I attended an alumni event, Berkeley in Silicon Valley, earlier this week. It was at the Computer History Museum in Mountain View, which is definitely worth a visit for the audience of this blog. Ah, the memories! They have all the early PCs, and really old mechanical or analog computers, slide rules, etc.
The featured speaker was Professor Richard Newton, Dean of the UC Berkeley College of Engineering (my alma mater). I was going to post a write-up of his talk, but Mike Langberg from the San Jose Mercury News already did a very professional job at MercuryNews.com | 04/13/2006 | Langberg: Building up a `bump' in the new flat world. So go read that!
- Synthetic Biology is "the next big thing". Remember "Plastics" from the movie The Graduate? Well, this is like that for the next century.
- The questions from the audience were surprisingly pragmatic:
- How can we invest in Synthetic Biology? Prof. Newton didn't have specific opportunities. It's an extremely new and risky field, more "research" than "development" at this point. I wonder if Biotech mutual funds would cover this space? It seems like they would.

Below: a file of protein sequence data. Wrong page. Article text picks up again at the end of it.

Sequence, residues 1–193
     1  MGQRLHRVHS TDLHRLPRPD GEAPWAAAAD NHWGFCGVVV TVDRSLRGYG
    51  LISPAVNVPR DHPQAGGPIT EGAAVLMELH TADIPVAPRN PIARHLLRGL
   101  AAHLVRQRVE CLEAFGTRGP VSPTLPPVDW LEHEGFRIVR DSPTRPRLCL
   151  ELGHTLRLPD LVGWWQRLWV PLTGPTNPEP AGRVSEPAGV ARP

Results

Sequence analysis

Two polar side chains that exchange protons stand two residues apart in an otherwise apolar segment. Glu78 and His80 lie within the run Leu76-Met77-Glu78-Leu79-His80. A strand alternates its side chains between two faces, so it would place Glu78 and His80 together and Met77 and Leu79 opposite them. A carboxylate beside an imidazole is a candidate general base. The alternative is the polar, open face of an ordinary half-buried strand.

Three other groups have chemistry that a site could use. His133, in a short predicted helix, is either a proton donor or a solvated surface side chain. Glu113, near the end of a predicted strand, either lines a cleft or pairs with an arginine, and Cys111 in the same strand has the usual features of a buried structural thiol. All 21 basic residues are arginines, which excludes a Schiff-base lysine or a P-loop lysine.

- What about the problem of H1B visas and how that will devalue US engineering careers? I don't think a university professor can really appreciate the anxiety that some engineers in industry feel. Professors see the newest, sexiest technologies and get to work with really interesting emerging companies. Personally, I've become less concerned with H1B than with "offshoring". At least the visa-holders bring their high skill levels and tax-paying ability into the US!
- With demographic changes in California, the questioner suggested that the future majority ethnic groups (i.e., Latinos)do not value education as highly, and does this pose a challenge to Prof. Newton's call to make the Bay Area a "bump in the flat world"? Wow, this seemed like a politically incorrect question, and the questioner must have had guts (or been oblivious) to ask it. Prof. Newton didn't cut him any slack, saying that he found the Latinos that he encounters in his work to be just as passionate about education as anyone else.